An analytical evaluation of the State's evidence reveals that it failed to establish beyond a reasonable doubt that the defendant committed the offense of rape, robbery and unlawful restraint. We review the State's evidence.

At about 3 o'clock in the afternoon on Saturday, April 9, 1983, Pamela McCullough got off a bus at Roosevelt Road and St. Louis Avenue in Chicago. Although it is not established by the evidence, it can be inferred that the bus was a Chicago Transit Authority bus. The evidence established that Roosevelt Road is an east and west thoroughfare and the court can take judicial notice that Roosevelt Road is 1200 south. The evidence also established that St. Louis is a north and south street and the court can take judicial notice that St. Louis Avenue is 3500 west. People v. Fain (1976), 41 Ill. App.3d 872, 876, 355 N.E.2d 61.

McCullough testified that the defendant, a stranger, grabbed her from behind. She and the defendant engaged in what McCullough described as "an argument," which lasted for what she said was "a long time." She struggled and pushed the defendant. She was 5 feet 1 inch tall and weighed 112 pounds. McCullough testified that "the defendant was much taller." The record does not reveal how "much taller." McCullough told the defendant to let her go. He refused and told her that she was going with him. She and the defendant stood on the corner of Roosevelt Road and St. Louis Avenue for about 10 minutes, during which time there was "traffic back and forth."

It is difficult to conceive that an unknown assailant would grab a potential rape and robbery victim who alighted from a public bus on a Chicago street corner traveled by Chicago Transit Authority buses and other traffic, and there struggle with his victim for 10 minutes until another bus arrived. The defendant was unarmed and did not strike, beat or hit McCullough, nor did she strike, scratch, kick or bite him. The defendant did not threaten McCullough with physical harm. According to McCullough, the defendant simply held her by her wrist. She described this struggle with the defendant as "pushing."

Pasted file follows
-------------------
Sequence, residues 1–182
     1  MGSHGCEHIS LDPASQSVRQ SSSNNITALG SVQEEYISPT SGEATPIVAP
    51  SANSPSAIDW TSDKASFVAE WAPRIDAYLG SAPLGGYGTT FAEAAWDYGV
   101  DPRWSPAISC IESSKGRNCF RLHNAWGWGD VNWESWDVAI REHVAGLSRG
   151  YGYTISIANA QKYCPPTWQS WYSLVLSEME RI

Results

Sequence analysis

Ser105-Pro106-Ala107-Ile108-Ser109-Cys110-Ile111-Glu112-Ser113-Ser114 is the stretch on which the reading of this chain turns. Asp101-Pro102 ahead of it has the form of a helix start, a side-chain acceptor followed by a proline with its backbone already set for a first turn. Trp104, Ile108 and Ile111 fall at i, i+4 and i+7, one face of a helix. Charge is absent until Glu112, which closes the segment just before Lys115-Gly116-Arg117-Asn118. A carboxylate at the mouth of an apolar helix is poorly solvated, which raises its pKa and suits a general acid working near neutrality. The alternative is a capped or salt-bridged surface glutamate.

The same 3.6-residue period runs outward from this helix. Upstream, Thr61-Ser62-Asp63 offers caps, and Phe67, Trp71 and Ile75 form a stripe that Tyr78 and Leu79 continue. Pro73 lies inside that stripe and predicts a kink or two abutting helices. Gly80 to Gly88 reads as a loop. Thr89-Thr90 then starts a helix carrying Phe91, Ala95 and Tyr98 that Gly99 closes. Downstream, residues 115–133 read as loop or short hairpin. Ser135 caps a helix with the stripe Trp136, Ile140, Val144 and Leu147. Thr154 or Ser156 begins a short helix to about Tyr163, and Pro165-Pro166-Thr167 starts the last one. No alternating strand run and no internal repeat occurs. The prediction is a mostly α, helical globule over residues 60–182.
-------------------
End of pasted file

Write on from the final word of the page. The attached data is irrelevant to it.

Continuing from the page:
McCullough said that when the second bus arrived, she asked the driver, "Will you contact the police because this man just grabbed me and I don't know who he is." Under these circumstances, this would seem to be a rather unusual protest or outcry. McCullough did not attempt to get on the bus. According to her, the defendant told the bus driver that she was his girlfriend and that she was going with him. The bus driver did not say anything and drove off.

The defendant did not know nor did he have any way of knowing whether the bus driver would or did call the police. Yet, the defendant held McCullough by her wrist and pulled her down Roosevelt Road. McCullough testified that she asked a man who was coming across the street to call the police "because this man just grabbed me and I don't know who he is." Under the circumstances that McCullough related, it would appear to be unlikely that she would disclaim acquaintance with the defendant in this manner. But, according to her, she said this to the man from whom she was seeking assistance before the defendant told the man that she was his girlfriend and for him to mind his own business. The defendant did not know nor had any way of knowing whether this man would summon the police for McCullough. Yet the defendant, according to McCullough, continued to forcibly take her down Roosevelt Road.

After these two unsuccessful attempts for help by McCullough, the defendant told her that he would "bust [her] head and shoot [her]." She never saw the defendant with a gun or any other weapon.

McCullough, after suggestive and prodding questions, belatedly testified that she had an umbrella when the defendant accosted her and that the defendant took it from her. She further testified that the defendant, while holding the umbrella and while holding her by her wrist, "pushed" her along Roosevelt Road from St. Louis Avenue to Central Park Avenue. Although the record does not reflect the distance from St. Louis Avenue to Central Park Avenue, the court can take judicial notice that Central Park Avenue is 3600 west, and a block from St. Louis Avenue. People v. Fain (1976), 41 Ill. App.3d 872, 876, 355 N.E.2d 61.

The defendant and McCullough walked south on Central Park Avenue to a building that McCullough described as having two blue doors. This was an occupied apartment building at 1418 South Central Park Avenue, two blocks south of Roosevelt Road and St. Louis Avenue, where McCullough said the defendant accosted her.

The court pointed out in People v. Anderson (1974), 20 Ill. App.3d 840, 848, 314 N.E.2d 651, that "[i]t is doubtful that an attacker could brazenly accost a victim in broad daylight, then successfully spirit that victim across an admittedly busy street in a forcible manner without attracting the attention or intervention of anyone. It is also incongruous that [the] complainant would refrain from making an outcry because of fear of defendant's gun, but would not refrain from engaging in a veritable wrestling match such as she described as occurring between herself and defendant before they entered the apartment building."